Enrico Pieranunzi: Scarlatti Sonata K377 and Improv


Scarlatti Sonata K377 and Improv



Enrico Pieranunzi Plays Domenico Scarlatti (CamJazz 5034)

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Enrico Pieranunzi (piano).

Composed by Domenico Scarlatti. Arranged by Enrico Pieranunzi


Recorded: Ludwigsburg, Germany December 8-9, 2007


Rating: 92/100 (learn more)

The idea of "jazzing up the classics" is an old one, dating back to the rag and stride pianists of the early 20th century. At one time there must have been quite a bit of shock value when a pianist played a hot version of Chopin or Tchaikovsky, but not any more. Today it comes across as just another gimmick—and a tired one at that.

For that reason, you might be forgiven for dismissing pianist Enrico Pieranunzi's interpretations of Domenico Scarlatti (1685-1757) before even giving them a listen. But you would be making a mistake. Pieranunzi is not a gimmicky player, and his best work has a profound rightness about it, an uncontrived immersion into musical essences and an almost tactile yet elusive sensuality. He brings these qualities to bear on his reworkings of Scarlatti, which both respect the integrity of the original compositions while finding in them a platform for contemporary improvisation.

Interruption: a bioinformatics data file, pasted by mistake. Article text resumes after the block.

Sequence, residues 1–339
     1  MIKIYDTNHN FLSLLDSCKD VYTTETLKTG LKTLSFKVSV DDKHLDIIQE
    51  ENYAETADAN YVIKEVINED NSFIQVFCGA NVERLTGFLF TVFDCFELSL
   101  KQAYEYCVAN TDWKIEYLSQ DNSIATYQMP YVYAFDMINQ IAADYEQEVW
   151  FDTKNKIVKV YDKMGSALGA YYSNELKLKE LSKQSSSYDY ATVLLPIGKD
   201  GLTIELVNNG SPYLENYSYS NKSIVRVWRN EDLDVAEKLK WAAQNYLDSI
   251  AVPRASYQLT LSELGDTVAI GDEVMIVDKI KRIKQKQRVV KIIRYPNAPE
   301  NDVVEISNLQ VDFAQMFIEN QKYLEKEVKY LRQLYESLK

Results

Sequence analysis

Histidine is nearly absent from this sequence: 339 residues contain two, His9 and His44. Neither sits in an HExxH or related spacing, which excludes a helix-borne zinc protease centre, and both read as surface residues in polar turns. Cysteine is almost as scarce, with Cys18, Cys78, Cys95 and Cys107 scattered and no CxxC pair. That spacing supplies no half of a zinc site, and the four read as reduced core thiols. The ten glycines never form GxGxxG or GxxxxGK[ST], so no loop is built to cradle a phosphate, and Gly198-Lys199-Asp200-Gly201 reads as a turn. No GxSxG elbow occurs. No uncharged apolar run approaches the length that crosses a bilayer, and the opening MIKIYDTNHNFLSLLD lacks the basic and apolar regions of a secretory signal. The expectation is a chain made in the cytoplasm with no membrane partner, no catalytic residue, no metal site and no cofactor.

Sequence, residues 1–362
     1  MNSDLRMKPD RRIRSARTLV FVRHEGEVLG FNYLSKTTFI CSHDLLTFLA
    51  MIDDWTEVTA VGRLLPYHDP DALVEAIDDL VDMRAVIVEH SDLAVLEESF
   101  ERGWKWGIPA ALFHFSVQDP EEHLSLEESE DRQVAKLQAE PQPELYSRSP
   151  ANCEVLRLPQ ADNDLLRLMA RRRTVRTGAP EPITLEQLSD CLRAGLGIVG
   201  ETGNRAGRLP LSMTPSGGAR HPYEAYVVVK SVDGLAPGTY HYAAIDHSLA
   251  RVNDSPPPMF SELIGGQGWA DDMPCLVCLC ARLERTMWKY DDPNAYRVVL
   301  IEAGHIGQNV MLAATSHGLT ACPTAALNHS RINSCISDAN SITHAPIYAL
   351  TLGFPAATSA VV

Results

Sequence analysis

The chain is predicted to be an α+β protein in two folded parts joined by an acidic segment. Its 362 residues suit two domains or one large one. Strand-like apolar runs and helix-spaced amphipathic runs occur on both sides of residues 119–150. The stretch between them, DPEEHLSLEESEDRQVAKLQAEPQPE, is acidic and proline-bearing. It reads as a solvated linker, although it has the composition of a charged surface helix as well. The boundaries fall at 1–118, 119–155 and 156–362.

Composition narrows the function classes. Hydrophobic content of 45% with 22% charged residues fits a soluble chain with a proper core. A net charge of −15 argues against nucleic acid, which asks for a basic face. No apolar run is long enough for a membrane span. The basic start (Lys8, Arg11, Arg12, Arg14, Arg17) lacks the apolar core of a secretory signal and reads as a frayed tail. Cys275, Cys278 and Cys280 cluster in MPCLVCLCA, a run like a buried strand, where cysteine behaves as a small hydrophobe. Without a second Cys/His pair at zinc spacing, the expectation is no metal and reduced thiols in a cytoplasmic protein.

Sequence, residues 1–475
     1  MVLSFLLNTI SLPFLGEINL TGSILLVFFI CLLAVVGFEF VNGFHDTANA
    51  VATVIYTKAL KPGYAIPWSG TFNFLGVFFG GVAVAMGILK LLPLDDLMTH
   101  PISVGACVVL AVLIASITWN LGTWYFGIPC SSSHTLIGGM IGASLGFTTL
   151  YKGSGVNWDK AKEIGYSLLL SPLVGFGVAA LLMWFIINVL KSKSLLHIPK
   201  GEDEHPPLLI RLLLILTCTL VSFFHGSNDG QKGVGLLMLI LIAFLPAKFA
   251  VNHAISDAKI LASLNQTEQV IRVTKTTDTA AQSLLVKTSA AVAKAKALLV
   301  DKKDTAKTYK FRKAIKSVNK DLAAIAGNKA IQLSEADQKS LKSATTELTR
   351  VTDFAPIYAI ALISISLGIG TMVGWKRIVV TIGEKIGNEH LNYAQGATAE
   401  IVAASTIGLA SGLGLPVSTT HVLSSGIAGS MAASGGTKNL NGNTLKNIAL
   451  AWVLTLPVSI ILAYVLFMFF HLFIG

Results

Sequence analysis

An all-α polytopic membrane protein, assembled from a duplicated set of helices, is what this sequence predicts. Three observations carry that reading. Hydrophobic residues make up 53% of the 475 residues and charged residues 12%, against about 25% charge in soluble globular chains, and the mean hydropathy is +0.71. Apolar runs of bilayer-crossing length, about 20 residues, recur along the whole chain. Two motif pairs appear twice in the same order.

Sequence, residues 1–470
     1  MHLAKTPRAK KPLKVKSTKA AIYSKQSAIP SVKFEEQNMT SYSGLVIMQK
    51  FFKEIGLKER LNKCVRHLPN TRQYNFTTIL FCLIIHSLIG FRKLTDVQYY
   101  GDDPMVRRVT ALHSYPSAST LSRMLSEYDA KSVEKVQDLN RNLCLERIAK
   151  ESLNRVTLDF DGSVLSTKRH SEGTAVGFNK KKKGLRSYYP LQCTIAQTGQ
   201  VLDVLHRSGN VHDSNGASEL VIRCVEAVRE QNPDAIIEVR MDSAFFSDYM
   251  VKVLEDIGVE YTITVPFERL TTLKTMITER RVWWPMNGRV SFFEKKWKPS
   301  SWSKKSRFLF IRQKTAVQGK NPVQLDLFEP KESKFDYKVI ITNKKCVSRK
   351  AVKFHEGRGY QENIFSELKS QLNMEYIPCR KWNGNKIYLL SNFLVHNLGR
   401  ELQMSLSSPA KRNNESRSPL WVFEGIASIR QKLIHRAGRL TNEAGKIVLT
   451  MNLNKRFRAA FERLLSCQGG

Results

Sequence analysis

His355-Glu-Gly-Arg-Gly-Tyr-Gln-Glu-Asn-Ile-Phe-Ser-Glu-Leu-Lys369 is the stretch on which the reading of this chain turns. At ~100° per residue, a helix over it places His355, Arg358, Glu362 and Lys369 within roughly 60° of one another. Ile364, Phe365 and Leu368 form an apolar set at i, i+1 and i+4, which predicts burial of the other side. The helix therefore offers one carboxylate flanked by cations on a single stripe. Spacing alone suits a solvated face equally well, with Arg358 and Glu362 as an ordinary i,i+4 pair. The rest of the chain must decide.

This is not an small feat. Pieranunzi works a subtle transformation, and if you are not listening carefully you will miss that many gradual shifts in texture and tone that shape his interpretations. An even series of on-the-beat left hand notes evolves into a walking bassline. Eighteenth century harmony is hammered into twentieth century harmony through a series of granular level adaptations. Syncopations emerge from the counterpoint. The end result is penetrating modern jazz, but Pieranunzi arrives there as slowly and patiently as a sunset working its effects over the horizon. Few CDs these days sound so untouched by the expected and conventional—the wonder is that our pianist makes this happen with a composition that is 250 years old.

Reviewer: Ted Gioia

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